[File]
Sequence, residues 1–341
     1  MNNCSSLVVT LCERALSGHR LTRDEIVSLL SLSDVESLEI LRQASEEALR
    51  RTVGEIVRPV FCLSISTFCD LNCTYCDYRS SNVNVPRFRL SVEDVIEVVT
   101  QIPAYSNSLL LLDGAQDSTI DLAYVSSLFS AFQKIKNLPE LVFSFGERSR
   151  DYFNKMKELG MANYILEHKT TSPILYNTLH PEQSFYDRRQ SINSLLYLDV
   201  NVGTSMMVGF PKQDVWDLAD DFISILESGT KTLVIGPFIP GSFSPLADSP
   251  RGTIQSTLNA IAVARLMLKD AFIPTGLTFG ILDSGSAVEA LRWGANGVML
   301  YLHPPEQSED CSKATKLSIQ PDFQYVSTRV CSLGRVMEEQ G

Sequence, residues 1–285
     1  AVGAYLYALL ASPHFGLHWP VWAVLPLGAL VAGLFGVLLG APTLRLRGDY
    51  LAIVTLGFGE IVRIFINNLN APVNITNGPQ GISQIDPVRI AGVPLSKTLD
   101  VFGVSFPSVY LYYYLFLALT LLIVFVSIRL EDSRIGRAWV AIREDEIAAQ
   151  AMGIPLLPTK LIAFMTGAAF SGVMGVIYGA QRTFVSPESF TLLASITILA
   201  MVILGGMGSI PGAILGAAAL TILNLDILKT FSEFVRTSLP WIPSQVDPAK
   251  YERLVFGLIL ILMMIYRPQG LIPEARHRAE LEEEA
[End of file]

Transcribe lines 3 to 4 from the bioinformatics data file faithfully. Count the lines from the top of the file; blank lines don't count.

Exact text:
    51  RTVGEIVRPV FCLSISTFCD LNCTYCDYRS SNVNVPRFRL SVEDVIEVVT
   101  QIPAYSNSLL LLDGAQDSTI DLAYVSSLFS AFQKIKNLPE LVFSFGERSR